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India-made automatic rifle production stuck in red tape

Discussion in 'Indian Defence Forum' started by JanjaWeed, Jan 11, 2015.

  1. JanjaWeed

    JanjaWeed ELITE MEMBER

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    A parliamentary panel recently wondered why India has not been able to produce a world-class automatic rifle but it appears that an advanced version of this has already been developed but is yet to see action as it is tangled in bureaucratic red tape.

    Parliament's standing committee on defence, in a report tabled in the winter session last month, said it was "shocking that even 53 years of expertise has not enabled DRDO to develop a world class basic product like a rifle".

    However, a advanced, deadlier version of the 5.56 mm INSAS (Indian Small Arms System) rifle, which has a greater kill capacity, has already been developed by the Defence Research and Development Organisation (DRDO) but has not been inducted by the Indian Army as there are no official records of a demand being made for it, an official explained.

    "When the INSAS rifle was initially designed, the army wanted rifles with a lower kill capability. Based on that demand the 5.56 mm rifle was designed," a DRDO official told IANS, speaking on condition of anonymity.

    INSAS is a family of infantry weapons consisting of an assault rifle, a light machine gun and a carbine - all the same calibre.

    The official said the first demand for a smaller calibre rifle came in 1982, when the army wanted to replace the 7.62 mm SLR (self-loading rifle) that had been in use for over 30 years.

    The army, said the official, then wanted a rifle that would de-capacitate a solider instead of killing him.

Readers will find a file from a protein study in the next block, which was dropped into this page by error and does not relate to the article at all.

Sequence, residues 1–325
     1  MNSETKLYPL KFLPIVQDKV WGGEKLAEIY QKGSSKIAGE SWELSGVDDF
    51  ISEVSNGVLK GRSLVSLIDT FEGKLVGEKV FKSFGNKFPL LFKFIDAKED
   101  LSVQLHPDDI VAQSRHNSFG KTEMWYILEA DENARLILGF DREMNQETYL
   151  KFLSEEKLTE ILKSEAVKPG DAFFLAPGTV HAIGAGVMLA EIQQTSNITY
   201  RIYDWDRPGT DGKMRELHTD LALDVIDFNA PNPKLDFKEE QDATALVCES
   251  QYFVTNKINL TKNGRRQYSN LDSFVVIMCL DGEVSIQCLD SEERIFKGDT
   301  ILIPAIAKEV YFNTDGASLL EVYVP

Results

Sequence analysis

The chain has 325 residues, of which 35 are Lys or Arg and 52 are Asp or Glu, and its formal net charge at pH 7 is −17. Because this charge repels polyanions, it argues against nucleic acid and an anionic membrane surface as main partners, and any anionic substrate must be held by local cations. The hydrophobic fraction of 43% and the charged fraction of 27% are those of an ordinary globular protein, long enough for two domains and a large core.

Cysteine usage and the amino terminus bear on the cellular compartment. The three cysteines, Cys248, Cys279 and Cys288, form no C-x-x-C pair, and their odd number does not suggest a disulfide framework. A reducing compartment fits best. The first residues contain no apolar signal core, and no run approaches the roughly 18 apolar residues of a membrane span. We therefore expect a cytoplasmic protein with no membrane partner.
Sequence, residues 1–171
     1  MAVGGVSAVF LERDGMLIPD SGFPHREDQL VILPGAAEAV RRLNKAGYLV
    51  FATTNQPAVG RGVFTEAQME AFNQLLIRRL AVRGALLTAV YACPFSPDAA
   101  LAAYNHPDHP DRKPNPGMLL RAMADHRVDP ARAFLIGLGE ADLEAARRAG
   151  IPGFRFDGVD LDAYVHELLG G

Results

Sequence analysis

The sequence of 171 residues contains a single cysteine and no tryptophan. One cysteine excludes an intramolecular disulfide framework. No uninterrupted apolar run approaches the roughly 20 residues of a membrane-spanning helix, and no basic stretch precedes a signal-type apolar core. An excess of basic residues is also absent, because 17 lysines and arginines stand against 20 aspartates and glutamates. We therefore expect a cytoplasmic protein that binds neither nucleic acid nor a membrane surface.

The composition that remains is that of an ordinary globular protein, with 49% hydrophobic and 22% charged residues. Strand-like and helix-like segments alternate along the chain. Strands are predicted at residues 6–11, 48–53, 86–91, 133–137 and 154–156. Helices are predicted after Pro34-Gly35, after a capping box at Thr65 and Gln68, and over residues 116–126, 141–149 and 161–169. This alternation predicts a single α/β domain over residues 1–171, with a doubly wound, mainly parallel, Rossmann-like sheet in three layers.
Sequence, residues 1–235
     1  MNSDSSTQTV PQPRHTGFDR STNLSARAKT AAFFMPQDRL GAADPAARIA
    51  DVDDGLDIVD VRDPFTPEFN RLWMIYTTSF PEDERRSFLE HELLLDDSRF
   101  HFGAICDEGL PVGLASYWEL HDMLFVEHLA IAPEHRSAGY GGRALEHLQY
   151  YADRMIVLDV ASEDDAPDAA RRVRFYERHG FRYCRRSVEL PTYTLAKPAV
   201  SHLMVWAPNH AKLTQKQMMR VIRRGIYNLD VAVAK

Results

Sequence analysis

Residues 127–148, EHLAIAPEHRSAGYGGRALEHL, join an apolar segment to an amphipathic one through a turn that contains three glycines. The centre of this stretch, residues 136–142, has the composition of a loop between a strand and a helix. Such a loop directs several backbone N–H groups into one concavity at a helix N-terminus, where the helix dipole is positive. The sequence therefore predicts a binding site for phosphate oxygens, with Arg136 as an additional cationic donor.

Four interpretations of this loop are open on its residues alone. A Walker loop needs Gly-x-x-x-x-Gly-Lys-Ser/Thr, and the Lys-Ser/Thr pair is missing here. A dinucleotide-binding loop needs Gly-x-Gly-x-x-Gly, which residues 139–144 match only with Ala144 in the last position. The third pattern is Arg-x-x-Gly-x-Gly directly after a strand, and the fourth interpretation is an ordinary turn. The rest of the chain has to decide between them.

"A low killing capacity made sense because in war, if you kill a soldier you have deactivated only one person. But if a solider is injured, at least two other soldiers will come to his aid and thus three of the enemy will be deactivated," the official said.

    The DRDO developed the first prototype of the rifle in 1986. It was much lighter at 4.2 kg than the 7.62 mm SLR that weighed 5.7 kg, had a shorter barrel and could fire a three-bullet burst at a time compared to just one by the SLR.

    The rifle was inducted into service in the mid-1990s after replacing the 7.62 mm SLR.

    The rifle was used in the Kargil war but was prone to malfunctioning in the cold Himalayan conditions, getting jammed and its polymer magazine cracking.

    As the army started getting involved in close combat with terrorists and the requirement changed to guns with a higher kill capacity, the official said, the army sought an updatearound three years ago.

    "With the army now being involved in face-to-face fighting with terrorists, who are generally armed with AK-47 rifles, a high kill capacity is needed. The army asked DRDO to design a rifle to kill, and the enthusiastic scientists went on to modify the INSAS," the official said.

    He explained that the longer barrel would give the bullet higher speed and greater power of impact.

    "However, by the time the product was ready, and we approached the army around the end of 2013, we were told no such requisition was officially given," the official said.